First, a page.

Astronomers discover evidence of microbial life
A new study reveals the presence of phosphine (PH3) on Venus: a molecule that could be an indicator of microbial life in the planet’s clouds. On Earth the molecule is only made either industrially or by microbes that survive in oxygen-free environments.
The international team of astronomers, led by Professor Jane Greaves of Cardiff University, announced the discovery of a rare molecule – phosphine – in the clouds of Venus. On Earth, this gas is only made industrially, or by microbes that thrive in oxygen-free environments.
Astronomers have speculated for decades that high clouds on Venus could offer a home for microbes – floating free of the scorching surface, but still needing to tolerate very high acidity. The detection of phosphine molecules, which consist of hydrogen and phosphorus, could point to this extra-terrestrial ‘aerial’ life. The new discovery is described in a paper in Nature Astronomy.
The team first used the James Clerk Maxwell Telescope (JCMT) in Hawaii to detect the phosphine, and were then awarded time to follow up their discovery with 45 telescopes of the Atacama Large Millimeter/submillimeter Array (ALMA) in Chile. Both facilities observed Venus at a wavelength of about 1 millimetre, much longer than the human eye can see – only telescopes at high altitude can detect this wavelength effectively. Professor Greaves worked on the discovery while acting as a visitor to the Institute of Astronomy in Cambridge University.Hints of life on Venus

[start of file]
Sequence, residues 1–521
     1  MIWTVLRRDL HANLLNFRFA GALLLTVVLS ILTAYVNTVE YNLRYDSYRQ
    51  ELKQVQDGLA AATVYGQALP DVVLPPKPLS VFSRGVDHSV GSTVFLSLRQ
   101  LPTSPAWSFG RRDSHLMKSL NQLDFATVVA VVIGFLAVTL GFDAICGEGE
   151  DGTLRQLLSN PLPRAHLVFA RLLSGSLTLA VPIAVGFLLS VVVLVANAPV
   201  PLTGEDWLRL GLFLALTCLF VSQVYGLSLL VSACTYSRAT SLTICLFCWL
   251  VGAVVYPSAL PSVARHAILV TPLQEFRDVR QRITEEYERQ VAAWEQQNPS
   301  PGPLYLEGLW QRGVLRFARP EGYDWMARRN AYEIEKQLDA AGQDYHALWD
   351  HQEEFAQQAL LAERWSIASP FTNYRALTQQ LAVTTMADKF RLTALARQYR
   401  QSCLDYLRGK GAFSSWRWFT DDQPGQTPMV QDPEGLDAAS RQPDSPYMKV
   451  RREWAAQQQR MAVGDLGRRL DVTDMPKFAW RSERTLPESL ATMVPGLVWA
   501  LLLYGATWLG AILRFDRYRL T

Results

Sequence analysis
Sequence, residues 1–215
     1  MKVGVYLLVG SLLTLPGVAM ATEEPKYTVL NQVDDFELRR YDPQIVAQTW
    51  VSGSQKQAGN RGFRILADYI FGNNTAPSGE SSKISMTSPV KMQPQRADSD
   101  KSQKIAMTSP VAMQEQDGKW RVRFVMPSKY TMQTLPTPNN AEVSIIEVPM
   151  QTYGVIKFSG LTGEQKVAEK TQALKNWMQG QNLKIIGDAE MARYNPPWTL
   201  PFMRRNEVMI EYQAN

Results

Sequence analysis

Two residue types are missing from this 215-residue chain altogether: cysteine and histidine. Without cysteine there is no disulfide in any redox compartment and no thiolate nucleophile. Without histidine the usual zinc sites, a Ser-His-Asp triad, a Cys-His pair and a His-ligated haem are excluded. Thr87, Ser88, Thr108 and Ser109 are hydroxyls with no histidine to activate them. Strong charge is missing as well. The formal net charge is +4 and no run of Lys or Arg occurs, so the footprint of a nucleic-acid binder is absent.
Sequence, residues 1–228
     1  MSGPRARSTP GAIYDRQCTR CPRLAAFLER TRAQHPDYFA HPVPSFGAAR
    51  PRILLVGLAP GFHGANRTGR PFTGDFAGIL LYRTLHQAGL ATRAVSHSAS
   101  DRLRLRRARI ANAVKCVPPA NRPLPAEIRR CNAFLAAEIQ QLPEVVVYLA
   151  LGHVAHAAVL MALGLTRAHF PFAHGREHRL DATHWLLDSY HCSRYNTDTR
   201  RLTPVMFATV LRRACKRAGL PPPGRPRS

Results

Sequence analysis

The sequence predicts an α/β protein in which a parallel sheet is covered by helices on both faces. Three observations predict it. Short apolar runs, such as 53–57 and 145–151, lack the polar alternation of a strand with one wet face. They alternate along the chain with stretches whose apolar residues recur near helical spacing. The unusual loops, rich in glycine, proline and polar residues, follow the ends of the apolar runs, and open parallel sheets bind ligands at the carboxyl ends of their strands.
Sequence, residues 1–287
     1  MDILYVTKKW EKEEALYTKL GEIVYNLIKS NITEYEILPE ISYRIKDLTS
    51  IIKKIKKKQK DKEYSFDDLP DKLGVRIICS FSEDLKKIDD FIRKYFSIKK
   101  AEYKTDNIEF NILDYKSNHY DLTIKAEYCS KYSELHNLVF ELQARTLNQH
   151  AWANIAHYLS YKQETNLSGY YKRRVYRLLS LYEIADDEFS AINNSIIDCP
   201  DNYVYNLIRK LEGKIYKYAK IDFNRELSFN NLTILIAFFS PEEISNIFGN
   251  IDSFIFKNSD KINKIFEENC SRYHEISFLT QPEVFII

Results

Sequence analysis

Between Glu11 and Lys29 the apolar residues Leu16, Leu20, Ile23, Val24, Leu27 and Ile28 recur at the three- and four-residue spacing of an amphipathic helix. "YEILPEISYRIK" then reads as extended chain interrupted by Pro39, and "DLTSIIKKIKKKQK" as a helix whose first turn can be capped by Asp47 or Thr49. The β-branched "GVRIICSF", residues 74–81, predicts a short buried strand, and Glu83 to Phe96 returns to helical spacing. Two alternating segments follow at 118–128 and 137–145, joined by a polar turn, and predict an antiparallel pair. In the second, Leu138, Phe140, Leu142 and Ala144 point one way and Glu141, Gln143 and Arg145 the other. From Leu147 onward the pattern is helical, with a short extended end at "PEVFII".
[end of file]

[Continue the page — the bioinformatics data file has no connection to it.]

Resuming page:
The news is very exciting, but before we get carried away, it’s worth pointing out some details in the paper: If no known chemical process can explain PH3 within the upper atmosphere of Venus, then it must be produced by a process not previously considered plausible for Venusian conditions. This could be unknown photochemistry or geochemistry, or possibly life. Information is lacking—as an example, the photochemistry of Venusian cloud droplets is almost completely unknown. Hence a possible droplet-phase photochemical source for PH3 must be considered (even though PH3 is oxidized by sulfuric acid).
And further notes: Even if confirmed, we emphasize that the detection of PH3 is not robust evidence for life, only for anomalous and unexplained chemistry. There are substantial conceptual problems for the idea of life in Venus’s clouds—the environment is extremely dehydrating as well as hyperacidic. … To further discriminate between unknown photochemical and/or geological processes as the source of Venusian PH3, or to determine whether there is life in the clouds of Venus, substantial modelling and experimentation will be important. Ultimately, a solution could come from revisiting Venus for in situ measurements or aerosol return.
Read the full paper here: Phosphine gas in the cloud decks of Venus
Venus is a dim world of intense heat and volcanic activity. Similar in structure and size to Earth, Venus’ thick, toxic atmosphere traps heat in a runaway ‘greenhouse effect.’ The scorched world has temperatures hot enough to melt lead. Glimpses below the clouds reveal volcanoes and deformed mountains. Venus spins slowly in the opposite direction of most planets.
Distance from the sun: About 67 million miles, about 3/4 as far as the Earth is from the sun.
Year: About 225 Earth days.
Day: About 243 Earth days.
Average diameter: About 7,500 miles, almost as large as Earth.
Surface temperature: 864 degrees Fahrenheit.
Atmosphere: Carbon dioxide, nitrogen.